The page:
With astonishing prescience, he diagnosed the sickness of our time: a dangerous intoxication with the knowledge and power given by science, mixed with an inability to accept the humanly meaningless world that science has revealed. Faced with emptiness, modern humanity has taken refuge in schemes of world improvement, which all too often – as in the savage revolutions of the 20th century and the no less savage humanitarian warfare of the 21st – involve mass slaughter. The irrationalities of earlier times have been replaced by what Leopardi calls “the barbarism of reason”.
…An anthropologist of modernity, Leopardi stood outside the beliefs of the modern age. He could never take seriously the faith in progress: the notion that civilisation gradually improves over time. He knew that civilisations come and go and that some are better than others – but they are not stations on a long march to a better world. “Modern civilisation must not be considered simply as a continuation of ancient civilisation, as its progression . . . These two civilisations, which are essentially different, are and must be considered as two separate civilisations.”
His sympathies lay with the ancients, whose way of life he believed was more conducive to human happiness. A product of the increase of knowledge, the modern world is driven by the pursuit of truth; yet this passion for truth, Leopardi suggests, is a by-product of Christianity. Before Christianity disrupted and destroyed the ancient pagan cults with its universal claims, human beings were able to rest content with their local practices and illusions. “Mankind was happier before Christianity than after it,” he writes.
What fascinated Schopenhauer, along with many later writers, was Leopardi’s insistence that illusion is necessary to human happiness. Matthew Arnold, A E Housman, Herman Melville, Thomas Hardy, Fernando Pessoa (who wrote a poem about the Italian poet) and Samuel Beckett were all stirred by his suggestion that human fulfilment requires a tolerance of illusion that is at odds with both Christianity and modern science. A version of the same thought informs the work of Wallace Stevens, perhaps the greatest 20th-century English-language poet, who saw the task of poetry as being the creation of fictions by which human beings can live.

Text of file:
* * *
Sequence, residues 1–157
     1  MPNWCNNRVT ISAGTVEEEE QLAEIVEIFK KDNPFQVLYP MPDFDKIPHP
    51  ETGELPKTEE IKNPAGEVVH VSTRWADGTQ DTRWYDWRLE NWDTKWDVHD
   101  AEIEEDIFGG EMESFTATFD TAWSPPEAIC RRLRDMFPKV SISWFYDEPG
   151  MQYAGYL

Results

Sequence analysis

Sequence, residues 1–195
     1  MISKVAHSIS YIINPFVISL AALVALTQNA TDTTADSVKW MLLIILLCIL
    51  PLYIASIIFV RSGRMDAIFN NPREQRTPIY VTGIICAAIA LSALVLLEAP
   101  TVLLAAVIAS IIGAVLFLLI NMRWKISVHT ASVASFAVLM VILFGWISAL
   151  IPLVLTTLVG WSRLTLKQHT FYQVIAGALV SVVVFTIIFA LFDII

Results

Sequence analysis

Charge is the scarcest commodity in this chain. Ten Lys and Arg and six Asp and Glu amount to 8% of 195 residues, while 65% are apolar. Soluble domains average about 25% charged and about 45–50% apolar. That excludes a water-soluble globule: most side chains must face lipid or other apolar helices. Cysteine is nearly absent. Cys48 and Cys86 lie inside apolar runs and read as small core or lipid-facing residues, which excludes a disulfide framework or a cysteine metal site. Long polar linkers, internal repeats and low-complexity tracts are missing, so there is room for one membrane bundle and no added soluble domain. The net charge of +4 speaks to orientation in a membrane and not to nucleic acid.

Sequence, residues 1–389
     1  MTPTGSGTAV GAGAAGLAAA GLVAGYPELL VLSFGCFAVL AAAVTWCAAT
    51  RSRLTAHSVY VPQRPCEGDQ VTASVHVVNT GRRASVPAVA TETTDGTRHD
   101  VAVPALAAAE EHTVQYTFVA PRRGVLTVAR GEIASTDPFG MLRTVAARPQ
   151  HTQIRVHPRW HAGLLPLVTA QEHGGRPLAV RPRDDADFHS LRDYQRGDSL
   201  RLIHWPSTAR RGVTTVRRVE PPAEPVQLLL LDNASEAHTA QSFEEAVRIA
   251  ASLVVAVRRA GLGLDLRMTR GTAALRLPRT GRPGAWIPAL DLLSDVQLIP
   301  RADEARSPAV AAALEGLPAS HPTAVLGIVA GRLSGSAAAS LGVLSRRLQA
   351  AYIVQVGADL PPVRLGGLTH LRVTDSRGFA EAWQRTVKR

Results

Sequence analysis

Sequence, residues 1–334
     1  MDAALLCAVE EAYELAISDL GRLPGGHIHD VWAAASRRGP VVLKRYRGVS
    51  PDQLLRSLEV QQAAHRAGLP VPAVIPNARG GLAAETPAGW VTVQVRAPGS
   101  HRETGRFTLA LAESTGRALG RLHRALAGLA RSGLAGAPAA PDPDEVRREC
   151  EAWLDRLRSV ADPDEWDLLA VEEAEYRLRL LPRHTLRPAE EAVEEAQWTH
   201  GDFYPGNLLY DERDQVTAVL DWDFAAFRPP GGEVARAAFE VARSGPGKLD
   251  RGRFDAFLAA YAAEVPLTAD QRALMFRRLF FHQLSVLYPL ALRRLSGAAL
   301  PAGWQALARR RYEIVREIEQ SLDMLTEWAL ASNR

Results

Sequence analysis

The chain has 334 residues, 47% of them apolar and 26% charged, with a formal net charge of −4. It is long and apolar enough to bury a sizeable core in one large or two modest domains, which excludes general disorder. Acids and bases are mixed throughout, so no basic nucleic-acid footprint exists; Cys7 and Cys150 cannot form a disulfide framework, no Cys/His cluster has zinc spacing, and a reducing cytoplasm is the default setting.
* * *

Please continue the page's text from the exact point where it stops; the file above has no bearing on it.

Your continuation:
Leopardi was emphatic in affirming the constancy of human nature and the existence of goods and evils that are universally human. He was far from being a moral relativist. What he rejected was the modern conceit that aims to turn these often conflicting values into a system of universal principles – a project that fails to comprehend the irresolvable contradictions of human needs. “No one understands the human heart at all,” he wrote, “who does not understand how vast is its capacity for illusions, even when these are contrary to its interests, or how often it loves the very thing that is obviously harmful to it.” Modern rationalists imagine they do not succumb to this quintessentially human need for illusion, but in reality they display it to the full.
…The barbarism of reason is the attempt to order the world on a more rational model. However, evangelists for reason are more driven by faith than they know and the result of attempting to impose their simpleminded designs on the world has been to add greatly to the evils to which human life is naturally prone.